When I was pregnant with my first child, I had a recurring dream. I was nursing a baby–in an icy parking lot, at a dinner party in the bedroom where the coats were piled on a bed, lost in the desert. I would nurse a baby at one breast, put her to the other, and there would be no milk. Sometimes the baby wailed with frustration and hunger, and sometimes the baby just looked at me with sad eyes. I always woke shaken. I must be worried, I thought, about being an adequate parent. But that wasn't it. My body was sending me a literal warning.
A group of Amish riding in a horse and buggy along a East Lampeter Township, Penn. road were robbed at gunpoint by a man in a mask. The robber apparently drove up to the horse and buggy in a white minivan, swerving into the buggy's lane to force it to stop, got out, and demanded the wallets of all three people inside.
Ohio police have arrested at least three men suspected of participating in a string of break-ins in which the victims have also had their beards and hair cut off and stolen. Authorities believe the mastermind behind the attacks is "renegade bishop" Sam Mullet, who leads a tiny Amish sect called the Bergholz Clan.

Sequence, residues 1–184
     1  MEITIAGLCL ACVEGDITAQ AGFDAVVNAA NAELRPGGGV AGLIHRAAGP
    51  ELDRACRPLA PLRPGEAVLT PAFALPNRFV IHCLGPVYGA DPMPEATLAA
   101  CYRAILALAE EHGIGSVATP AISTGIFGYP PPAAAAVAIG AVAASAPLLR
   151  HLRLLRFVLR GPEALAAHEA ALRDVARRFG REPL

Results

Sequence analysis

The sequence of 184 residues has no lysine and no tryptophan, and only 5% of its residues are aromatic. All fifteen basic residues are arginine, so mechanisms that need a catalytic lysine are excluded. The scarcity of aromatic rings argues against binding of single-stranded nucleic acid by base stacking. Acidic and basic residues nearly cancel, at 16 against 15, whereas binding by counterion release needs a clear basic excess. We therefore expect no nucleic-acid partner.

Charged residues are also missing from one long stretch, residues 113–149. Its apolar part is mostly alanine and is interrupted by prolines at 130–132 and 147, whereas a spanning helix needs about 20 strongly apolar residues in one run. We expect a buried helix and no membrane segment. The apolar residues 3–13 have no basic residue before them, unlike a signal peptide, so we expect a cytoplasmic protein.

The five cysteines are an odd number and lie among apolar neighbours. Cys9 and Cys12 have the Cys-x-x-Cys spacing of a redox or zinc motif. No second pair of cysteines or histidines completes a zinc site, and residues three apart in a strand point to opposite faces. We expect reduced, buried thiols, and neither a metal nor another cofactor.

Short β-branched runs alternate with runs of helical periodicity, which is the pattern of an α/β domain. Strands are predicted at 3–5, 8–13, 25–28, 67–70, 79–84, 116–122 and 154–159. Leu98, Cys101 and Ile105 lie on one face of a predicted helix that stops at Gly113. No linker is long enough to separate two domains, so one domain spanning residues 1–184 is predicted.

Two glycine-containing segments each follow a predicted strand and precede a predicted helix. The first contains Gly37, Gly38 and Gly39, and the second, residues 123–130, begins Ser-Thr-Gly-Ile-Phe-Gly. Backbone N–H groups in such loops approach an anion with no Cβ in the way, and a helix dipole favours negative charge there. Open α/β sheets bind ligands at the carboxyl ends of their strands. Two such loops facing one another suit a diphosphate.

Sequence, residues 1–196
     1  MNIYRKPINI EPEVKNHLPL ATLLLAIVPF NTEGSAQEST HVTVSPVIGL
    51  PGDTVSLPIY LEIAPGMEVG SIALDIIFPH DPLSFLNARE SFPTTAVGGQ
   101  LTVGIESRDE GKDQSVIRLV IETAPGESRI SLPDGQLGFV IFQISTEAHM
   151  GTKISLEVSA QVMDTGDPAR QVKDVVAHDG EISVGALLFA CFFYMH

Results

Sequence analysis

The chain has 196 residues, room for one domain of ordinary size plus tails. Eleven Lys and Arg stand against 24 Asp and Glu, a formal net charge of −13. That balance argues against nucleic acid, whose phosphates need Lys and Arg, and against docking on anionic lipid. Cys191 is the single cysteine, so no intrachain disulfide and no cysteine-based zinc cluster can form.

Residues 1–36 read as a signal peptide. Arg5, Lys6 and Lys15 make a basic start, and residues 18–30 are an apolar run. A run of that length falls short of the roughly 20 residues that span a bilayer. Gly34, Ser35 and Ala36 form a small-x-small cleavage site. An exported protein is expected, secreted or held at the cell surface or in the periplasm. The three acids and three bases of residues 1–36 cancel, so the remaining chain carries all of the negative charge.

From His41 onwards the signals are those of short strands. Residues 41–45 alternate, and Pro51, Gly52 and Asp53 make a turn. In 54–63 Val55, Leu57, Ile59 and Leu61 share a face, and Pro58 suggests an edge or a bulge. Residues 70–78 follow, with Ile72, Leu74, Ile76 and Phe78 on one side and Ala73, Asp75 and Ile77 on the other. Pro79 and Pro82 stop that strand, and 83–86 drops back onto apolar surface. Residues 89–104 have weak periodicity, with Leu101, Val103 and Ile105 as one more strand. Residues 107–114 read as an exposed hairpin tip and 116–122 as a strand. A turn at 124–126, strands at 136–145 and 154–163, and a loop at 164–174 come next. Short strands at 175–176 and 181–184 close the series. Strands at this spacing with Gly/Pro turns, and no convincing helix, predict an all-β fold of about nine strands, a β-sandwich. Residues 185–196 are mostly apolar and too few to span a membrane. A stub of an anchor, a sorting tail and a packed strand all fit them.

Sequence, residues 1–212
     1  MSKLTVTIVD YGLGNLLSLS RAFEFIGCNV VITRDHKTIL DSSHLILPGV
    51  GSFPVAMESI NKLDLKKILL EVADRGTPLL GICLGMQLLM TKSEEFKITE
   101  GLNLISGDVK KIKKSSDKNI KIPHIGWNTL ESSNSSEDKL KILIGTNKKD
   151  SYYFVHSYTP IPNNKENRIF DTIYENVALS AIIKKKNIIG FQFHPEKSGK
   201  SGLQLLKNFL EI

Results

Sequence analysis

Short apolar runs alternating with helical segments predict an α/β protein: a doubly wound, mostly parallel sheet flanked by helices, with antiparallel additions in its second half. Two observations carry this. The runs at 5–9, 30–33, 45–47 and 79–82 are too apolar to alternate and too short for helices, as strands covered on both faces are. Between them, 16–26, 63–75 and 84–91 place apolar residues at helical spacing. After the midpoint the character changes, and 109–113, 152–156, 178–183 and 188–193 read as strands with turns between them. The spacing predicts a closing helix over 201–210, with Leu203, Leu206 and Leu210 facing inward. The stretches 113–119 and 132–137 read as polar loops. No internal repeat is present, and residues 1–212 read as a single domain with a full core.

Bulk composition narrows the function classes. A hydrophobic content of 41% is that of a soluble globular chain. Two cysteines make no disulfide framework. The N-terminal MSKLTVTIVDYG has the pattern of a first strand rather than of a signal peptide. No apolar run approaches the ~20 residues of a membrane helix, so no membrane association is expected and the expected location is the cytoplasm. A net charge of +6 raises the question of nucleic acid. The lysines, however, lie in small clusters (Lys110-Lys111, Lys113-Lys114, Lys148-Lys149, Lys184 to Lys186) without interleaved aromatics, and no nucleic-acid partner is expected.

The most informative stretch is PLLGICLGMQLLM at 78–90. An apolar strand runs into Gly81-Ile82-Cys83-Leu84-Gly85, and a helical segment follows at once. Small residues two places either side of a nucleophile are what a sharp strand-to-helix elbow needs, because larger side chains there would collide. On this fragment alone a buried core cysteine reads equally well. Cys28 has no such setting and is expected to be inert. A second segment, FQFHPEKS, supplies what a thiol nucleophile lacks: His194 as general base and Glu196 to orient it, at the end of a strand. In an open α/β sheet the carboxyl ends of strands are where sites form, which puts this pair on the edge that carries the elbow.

In yet another dark chapter in organized-Amish-crime history, The Wheeling Intelligencer is reporting that members of the Amish community near Bergholz, Ohio, are under investigation by at least four sheriff's departments for a string of recent break-ins in Amish homes. Every time, the victims' hair and beards were cut off.
Take one horse and buggy, one rope, one pair of skis, and one incredibly eager Amish person, and what do you have? Amish skiing, y'all. Inside, see the most fun this guy's had, well, probably ever. Who needs electricity, anyway!
Think you're having a bad week? Give a little sympathy to Ernie Schreiber, who had to cancel his vacation because he works for the local paper in Lancaster, PA, where news broke in rather dramatic fashion yesterday. Editor & Publisher profiles the the New Era in a piece that throws up a variety of odd details. For example, stories are posted to the paper's website before they hit print, which we're sure is of great utility to the local Amish. But the most interesting quote comes at the end of the piece: